The second is the Scroll of Honor and Memorial Stadium. The Clemson Corps maintains the Scroll of Honor to honor those Clemson alumni who died in the line of duty. The Scroll of Honor Memorial is across from Memorial Stadium, which itself was named to honor those killed during military service. As an extension of the Scroll, the adjoining Memorial Park pays tribute to the service of thousands of Clemson alumni and friends who have served the state and nation in fields ranging from agriculture to the military.

Military Heritage Plaza

Scroll of Honor

Following each Athletic event, Clemson fans, students and student-athletes honor Clemson’s history with the singing of the Clemson Alma Mater. People ask, do they wave at the end of the song?  Easy answer, during Clemson’s early military days, freshmen wore rat caps and waved them in the air during every football game. Today, at the conclusion of singing the alma mater, students and alumni still wave their hands in the air with thumbs folded underneath as though holding a cap.

When Clemson Athletics became aware of Operation Hat Trick (OHT), Dot Sheehan, ’47 Brand, and the other collegiate licensees who participate in the Operation Hat Trick program, there was an immediate fit and need to bring these groups into the Clemson Family.

Although Clemson Athletics has worked with OHT and ’47 Brand, it was an executive from ’47 Brand attending a Clemson Football game in 2017 saying, “we can do some good things here” that made things take off.

Clemson Tigers Official Athletics Site

Due to the partnership between OHT, ’47 Brand, IMG College Licensing and others, as well as the support of Clemson fans, during 2017-18,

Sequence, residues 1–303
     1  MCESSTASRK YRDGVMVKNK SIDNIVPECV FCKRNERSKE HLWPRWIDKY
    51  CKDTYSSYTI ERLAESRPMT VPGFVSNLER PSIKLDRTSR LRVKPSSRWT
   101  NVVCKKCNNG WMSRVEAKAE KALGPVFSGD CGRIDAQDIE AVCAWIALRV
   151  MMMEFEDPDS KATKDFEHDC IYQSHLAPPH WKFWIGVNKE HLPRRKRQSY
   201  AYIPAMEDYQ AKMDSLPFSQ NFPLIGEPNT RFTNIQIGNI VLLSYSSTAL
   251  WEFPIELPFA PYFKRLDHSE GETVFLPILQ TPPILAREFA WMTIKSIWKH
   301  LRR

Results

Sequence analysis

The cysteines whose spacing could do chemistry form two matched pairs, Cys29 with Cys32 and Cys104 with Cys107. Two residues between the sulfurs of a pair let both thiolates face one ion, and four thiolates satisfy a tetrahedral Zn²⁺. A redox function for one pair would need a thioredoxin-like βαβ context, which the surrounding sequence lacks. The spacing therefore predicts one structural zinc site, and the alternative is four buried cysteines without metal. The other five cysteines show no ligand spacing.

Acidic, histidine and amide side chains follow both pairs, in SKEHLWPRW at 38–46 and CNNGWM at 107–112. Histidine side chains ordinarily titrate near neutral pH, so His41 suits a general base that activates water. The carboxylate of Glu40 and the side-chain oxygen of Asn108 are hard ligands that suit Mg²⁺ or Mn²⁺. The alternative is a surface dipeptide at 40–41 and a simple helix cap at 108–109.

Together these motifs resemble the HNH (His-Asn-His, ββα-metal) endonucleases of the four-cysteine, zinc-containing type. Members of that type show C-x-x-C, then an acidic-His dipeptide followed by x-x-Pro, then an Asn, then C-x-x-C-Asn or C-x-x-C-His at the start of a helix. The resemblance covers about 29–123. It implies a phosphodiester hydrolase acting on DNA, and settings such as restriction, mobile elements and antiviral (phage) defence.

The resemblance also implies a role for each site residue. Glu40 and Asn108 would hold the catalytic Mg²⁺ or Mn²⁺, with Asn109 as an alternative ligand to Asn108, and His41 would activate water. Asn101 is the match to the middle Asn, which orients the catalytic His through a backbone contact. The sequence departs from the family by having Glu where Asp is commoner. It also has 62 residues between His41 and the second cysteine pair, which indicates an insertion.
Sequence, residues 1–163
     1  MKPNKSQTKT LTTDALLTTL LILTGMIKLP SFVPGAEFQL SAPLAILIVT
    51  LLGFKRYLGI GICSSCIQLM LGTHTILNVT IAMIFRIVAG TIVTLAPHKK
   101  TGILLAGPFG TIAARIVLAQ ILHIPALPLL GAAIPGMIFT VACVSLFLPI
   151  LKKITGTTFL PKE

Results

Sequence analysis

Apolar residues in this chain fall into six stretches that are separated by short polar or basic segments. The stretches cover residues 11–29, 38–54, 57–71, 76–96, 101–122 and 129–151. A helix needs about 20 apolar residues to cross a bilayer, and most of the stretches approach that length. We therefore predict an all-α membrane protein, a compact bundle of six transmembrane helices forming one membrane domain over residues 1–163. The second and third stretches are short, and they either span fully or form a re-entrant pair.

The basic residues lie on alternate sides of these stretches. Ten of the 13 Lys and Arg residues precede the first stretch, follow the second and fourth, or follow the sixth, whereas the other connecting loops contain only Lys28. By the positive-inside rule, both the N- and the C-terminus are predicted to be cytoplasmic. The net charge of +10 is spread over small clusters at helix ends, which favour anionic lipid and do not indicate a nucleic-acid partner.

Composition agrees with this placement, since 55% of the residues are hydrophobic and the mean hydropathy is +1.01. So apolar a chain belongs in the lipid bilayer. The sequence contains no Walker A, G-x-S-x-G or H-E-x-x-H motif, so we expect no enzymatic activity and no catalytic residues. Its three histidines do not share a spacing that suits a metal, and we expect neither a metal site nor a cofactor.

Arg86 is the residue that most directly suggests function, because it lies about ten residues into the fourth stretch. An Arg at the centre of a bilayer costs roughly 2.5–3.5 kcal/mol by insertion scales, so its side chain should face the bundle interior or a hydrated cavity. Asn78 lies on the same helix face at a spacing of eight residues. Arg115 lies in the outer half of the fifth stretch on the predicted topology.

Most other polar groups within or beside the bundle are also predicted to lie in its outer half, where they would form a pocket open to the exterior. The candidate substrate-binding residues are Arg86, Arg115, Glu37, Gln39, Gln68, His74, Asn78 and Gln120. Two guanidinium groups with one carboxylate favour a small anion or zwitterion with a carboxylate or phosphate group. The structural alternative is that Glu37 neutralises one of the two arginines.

Clemson sold more O.H.T. product than any other school in the college space.

 

Clemson Tigers Official Athletics Site

In addition, for Clemson University’s outstanding marketing efforts in aiding the recovery of wounded U.S. combat service members and veterans, it was named a finalist for a 2018 Excellence in Service Award.  In recognition of the school’s impact, OHT made a $2,500 donation on the Clemson’s behalf to Purple Heart Homes, Golden Corner Chapter.

On the day Dot contacted Purple Heart Homes in Seneca, SC to inform them of the donation. Tom von Kaenel, LTC US Army (retired), President, told Dot,

“I have to tell you again how much it means to us to get the $2,500 for Jason Livingston.  Your call on Monday when we were working on the ramp for the veteran gave us that extra energy to finish. This is my priority for the summer and Operation Hat Trick will be one of our main partners for making this happen so quickly.  Thank you…thank you…thank you!”

So the next time that someone brings up Clemson, Memorial Stadium, Football, The Hill, the Rock and the conversation turns to the Military heritage of Clemson, remind them of the story of how Dot, Operation Hat Trick, ’47 Brand, other licensees, and Clemson fans are making a difference for veterans like Jason.

Thank you for supporting Clemson’s participation in the OHT program.